Whatever the merits of defendant's contention, it is clear that his theory rests upon the Saros memorandum. Without it, any claim of prosecutorial involvement would have been speculative. Where a defendant's delay in asserting a suppression claim is engendered by the State's default, even though innocent, relief should be afforded by a reasonable enlargement of the time limit. See State v. Wade, 89 N.J. Super. 139, 146 (App.Div.1965). This is particularly true where, as here, the claim is of constitutional dimension. We disapprove therefore of the trial judge's procedural conclusion. On the merits, however, we believe the trial judge was correct in denying the motion.
As a general rule, an administrative inspection of private property must be authorized by a valid administrative search warrant. Camara v. Municipal Court, 387 U.S. 523, 87 S. Ct. 1727, 18 L. Ed. 2d 930 (1967); See v. Seattle, 387 U.S. 541, 87 S. Ct. 1737, 18 L. Ed. 2d 943 (1967). However, an exception to this warrant requirement occurs in inspections of certain industries which have been subject to pervasive or long-standing governmental regulation. See Colonnade Catering Corp. v. United States, 397 U.S. 72, 76-77, 90 S. Ct. 774, 776-777, 25 L. Ed. 2d 60 (1970) (in view of the long history of regulation of the liquor industry, it was constitutional for federal statutes to authorize a warrantless search of the premises of a liquor
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dealer). This exception to the warrant requirement has been adopted in New Jersey. See State In Interest of T.L.O., 94 N.J. 331, 342 (1983). See also, e.g., In re Martin, 90 N.J. 295, 310-313 (1982) (the casino gambling industry is pervasively regulated and is thus subject to warrantless inspections); State v. Williams, 84 N.J. 217, 223-225 (1980) (the liquor industry has historically been subjected to intense State regulation and thus may be subjected to warrantless inspections); State v. Dolce, 178 N.J. Super. 275, 281-285 (App.Div.1981) (horse racing in New Jersey has been subject to pervasive and long-standing control; warrantless inspections thereof are thus constitutional). While no New Jersey case has been found specifically dealing with drugs and pharmacies, we entertain no doubt that analogy compels the conclusion this industry is equally subject to warrantless administrative inspections. Where the question has been considered in other jurisdictions, warrantless administrative searches in the pharmaceutical industry have been upheld. United States v. Jamieson-McKames Pharmaceuticals, 651 F.2d 532, 536-539 (8 Cir.1981), cert. den. 455 U.S. 1016, 102 S. Ct. 1709, 72 L. Ed. 2d 133 (1982); United States v. Schiffman, 572 F.2d 1137, 1142 (5 Cir.1978); United States ex rel. Terraciano v. Montanye, 493 F.2d 682, 684 (2 Cir.1974), cert. den. 419 U.S. 875, 95 S. Ct. 137, 42 L. Ed. 2d 114 (1974); United States v. Montrom, 345 F. Supp. 1337, 1340 (E.D.Pa.1972), aff'd 480 F.2d 918 (3 Cir.1973); Commonwealth v. Lipomi, 385 Mass. 370, 432 N.E. 2d 86, 93 (Sup.Jud.Ct.1982); Hosto v. Brickell, 265 Ark. 147, 153, 577 S.W. 2d 401, 405 (Sup.Ct.1979); People v. Curco Drugs, Inc., 76 Misc. 2d 222, 350 N.Y.S. 2d 74, 84 (Crim.Ct.N.Y.1973); Poindexter v. State, 545 S.W. 2d 798, 800 (Tex.Crim.App.1977). Although defendant argues to the contrary, his contention that he could not move to suppress without the Saros memorandum is a concession of the facial propriety of the search.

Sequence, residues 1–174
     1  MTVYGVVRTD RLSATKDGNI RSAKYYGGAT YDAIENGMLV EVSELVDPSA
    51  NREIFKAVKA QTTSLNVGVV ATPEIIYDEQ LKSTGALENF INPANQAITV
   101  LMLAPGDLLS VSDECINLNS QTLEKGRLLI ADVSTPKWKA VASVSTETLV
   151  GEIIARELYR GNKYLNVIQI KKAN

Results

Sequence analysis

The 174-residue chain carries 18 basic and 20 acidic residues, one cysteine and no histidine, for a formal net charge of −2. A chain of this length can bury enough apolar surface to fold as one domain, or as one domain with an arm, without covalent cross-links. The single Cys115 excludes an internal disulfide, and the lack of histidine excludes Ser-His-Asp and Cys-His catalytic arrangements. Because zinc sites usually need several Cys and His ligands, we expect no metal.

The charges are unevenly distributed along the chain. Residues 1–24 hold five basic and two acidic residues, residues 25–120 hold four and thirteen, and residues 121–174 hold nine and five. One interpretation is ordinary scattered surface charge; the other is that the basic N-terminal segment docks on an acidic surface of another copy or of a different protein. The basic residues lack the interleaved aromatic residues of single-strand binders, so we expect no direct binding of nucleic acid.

Thus we come to defendant's real contention that an otherwise valid administrative inspection becomes an impermissible search if its primary purpose is to obtain evidence for a
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criminal prosecution. In other words, that the validity of the inspection is dependent on the motive of the inspectors. By stating the proposition, we resolve the question. In determining the constitutionality of a search, we concern ourselves with the propriety of the conduct, not the motivation of the searcher. See State v. Bruzzese, 94 N.J. 210, 219 (1983). "[T]he Fourth Amendment proscribes unreasonable actions, not improper thoughts." Id. For this reason, administrative searches in aid of criminal prosecution have been upheld in other jurisdictions. United States v. Acklen, 690 F.2d 70 (6 Cir.1982) (pharmacy); In the Matter of Searches and Seizures Conducted on October 2 and 3, 1980, 665 F.2d 775 (7 Cir.1981); United States v. Consolidation Coal Company, 560 F.2d 214 (6 Cir.1977), cert. den. 439 U.S. 1069, 99 S. Ct. 836, 59 L. Ed. 2d 34 (1979); United States v. Goldfine, 538 F.2d 815 (9 Cir.1976); United States v. Prendergast, 585 F.2d 69 (3 Cir.1978); United States v. Wilbur, 545 F.2d 764 (1 Cir.1976). Contra Olson v. State, 287 So. 2d 313 (Fla.1973); Commonwealth v. Frodyma, 386 Mass. 434, 436 N.E. 2d 925 (1982). Defendant, having voluntarily engaged in a business subject to pervasive governmental control, had no expectation of privacy as would support a Fourth Amendment bar to this administrative inspection.